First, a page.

case #1: If you have source control, then delete it.
case #2: If you don't have source control, then get source control and see case #1 above.
To me when I see commented code, I think to myself that the developer that made the change wasn't sure he was doing the right thing. He should spend the time to make sure instead of having a backup policy of having the commented code to revert back to. And if in the end you aren't sure if you're making the right change, put a comment that describes what you changed and why you're unsure if it's the right way, and delete the code still. Don't comment out the block of code.
Code is hard enough to read and follow as is, you don't want to clutter code and make it even harder to understand what it's currently doing by having big blocks of commented code.
If someone needs to look at the history he can look at the history via the source control.
sometimes you need to add the feature back in and the developer adding it back in may not know to check source control history
That's what logs are for in source control systems. They allow you to search comments and file history. Also this seems to be more of an organizational concern. You could assign tasks to more appropriate developers or have discussions within the team. The person assigning the task should know who to assign it to or what to reference.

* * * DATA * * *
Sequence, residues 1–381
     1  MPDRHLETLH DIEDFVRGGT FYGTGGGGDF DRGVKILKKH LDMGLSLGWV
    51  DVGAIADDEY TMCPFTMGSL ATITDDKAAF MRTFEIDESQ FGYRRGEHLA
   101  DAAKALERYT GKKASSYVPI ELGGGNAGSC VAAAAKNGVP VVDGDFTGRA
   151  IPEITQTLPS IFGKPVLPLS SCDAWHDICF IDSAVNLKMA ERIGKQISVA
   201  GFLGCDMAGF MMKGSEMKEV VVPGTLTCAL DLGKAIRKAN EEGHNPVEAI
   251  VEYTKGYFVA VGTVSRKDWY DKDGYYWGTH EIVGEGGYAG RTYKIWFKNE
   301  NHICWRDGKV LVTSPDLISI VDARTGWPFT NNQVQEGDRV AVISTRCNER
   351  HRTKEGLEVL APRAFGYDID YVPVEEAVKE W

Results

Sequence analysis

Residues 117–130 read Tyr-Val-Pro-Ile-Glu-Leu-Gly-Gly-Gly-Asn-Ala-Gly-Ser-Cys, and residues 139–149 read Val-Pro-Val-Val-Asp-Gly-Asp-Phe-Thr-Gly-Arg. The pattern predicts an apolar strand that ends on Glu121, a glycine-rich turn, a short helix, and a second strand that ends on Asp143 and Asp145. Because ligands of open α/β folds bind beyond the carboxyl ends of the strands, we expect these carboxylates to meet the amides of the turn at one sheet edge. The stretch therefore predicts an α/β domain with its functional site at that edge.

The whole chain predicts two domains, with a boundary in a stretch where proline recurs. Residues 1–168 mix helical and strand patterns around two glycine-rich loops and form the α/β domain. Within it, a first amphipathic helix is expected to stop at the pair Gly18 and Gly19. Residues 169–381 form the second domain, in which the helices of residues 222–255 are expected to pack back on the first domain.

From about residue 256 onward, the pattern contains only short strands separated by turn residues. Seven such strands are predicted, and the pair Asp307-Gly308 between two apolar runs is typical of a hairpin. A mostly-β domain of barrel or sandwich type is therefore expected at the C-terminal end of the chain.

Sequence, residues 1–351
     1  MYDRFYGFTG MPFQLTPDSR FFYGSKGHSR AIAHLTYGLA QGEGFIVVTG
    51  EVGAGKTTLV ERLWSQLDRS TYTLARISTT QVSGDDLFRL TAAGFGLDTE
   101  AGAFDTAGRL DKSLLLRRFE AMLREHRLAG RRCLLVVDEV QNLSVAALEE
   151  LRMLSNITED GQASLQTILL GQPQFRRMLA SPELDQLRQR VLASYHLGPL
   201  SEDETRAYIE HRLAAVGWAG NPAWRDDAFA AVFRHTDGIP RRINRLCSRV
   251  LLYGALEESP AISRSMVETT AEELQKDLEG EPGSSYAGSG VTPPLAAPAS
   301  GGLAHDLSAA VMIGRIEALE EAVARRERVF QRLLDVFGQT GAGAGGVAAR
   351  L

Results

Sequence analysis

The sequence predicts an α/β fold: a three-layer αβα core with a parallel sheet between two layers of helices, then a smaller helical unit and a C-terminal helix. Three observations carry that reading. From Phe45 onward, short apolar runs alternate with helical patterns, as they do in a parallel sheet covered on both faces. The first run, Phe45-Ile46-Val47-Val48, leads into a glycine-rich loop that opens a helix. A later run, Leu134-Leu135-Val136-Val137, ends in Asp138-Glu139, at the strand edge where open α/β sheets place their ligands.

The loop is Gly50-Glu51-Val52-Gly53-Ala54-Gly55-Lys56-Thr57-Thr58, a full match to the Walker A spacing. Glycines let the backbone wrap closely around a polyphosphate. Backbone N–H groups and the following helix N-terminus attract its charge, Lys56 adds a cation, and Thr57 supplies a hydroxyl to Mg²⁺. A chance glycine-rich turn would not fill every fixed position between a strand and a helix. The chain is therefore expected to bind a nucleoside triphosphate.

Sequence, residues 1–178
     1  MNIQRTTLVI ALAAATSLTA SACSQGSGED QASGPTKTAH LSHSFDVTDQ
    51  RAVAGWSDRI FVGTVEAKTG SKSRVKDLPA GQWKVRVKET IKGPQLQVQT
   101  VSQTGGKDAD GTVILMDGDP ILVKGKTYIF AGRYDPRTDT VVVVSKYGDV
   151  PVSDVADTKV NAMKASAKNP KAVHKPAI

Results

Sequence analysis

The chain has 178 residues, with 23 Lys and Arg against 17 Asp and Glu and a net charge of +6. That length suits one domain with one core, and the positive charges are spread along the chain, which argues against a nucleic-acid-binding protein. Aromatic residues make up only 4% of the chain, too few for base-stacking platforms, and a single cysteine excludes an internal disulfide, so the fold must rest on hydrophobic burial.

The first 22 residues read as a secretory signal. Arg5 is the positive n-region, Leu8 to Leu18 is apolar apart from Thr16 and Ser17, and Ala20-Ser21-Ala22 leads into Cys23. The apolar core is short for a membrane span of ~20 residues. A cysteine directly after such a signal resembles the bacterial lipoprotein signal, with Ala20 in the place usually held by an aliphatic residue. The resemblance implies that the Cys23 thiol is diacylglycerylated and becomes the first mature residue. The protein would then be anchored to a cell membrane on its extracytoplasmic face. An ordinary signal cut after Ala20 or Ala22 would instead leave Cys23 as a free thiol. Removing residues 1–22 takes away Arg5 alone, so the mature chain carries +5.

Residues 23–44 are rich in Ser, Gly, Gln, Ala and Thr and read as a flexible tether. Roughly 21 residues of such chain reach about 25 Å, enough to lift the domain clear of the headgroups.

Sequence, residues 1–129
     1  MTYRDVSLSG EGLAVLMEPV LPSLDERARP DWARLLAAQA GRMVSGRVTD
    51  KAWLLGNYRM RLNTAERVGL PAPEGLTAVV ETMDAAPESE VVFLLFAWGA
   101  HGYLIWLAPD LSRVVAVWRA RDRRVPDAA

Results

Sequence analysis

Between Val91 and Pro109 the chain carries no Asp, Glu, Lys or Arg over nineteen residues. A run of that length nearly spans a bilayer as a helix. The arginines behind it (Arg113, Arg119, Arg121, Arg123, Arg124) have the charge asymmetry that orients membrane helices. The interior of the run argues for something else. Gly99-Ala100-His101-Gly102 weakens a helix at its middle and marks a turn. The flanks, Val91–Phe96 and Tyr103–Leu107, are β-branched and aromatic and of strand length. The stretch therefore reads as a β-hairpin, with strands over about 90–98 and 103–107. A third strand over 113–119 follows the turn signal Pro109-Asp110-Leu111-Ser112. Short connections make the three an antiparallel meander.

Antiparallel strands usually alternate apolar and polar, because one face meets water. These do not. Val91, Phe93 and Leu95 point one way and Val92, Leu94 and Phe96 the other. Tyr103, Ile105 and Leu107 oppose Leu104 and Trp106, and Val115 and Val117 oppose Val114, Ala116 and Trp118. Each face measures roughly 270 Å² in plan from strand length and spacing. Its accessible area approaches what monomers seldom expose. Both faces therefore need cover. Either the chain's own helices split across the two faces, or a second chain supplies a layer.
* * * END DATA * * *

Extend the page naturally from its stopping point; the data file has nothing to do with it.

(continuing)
Also if you think you'll be adding it back in, consult your manager and make sure you are making the right change for what they want to do.
If you really think a big part of the code will be reused again, you can branch or tag your repository and then make the changes. You can reference back to that branch or tag later.
sometimes the code represents unique functionality that can be a handy reference, seeing it all in one place can help provide clues to deciphering the active code.
Create some kind of internal knowledge base or reference with the insightful code. Having logic where it doesn't belong anymore makes code harder to read and understand.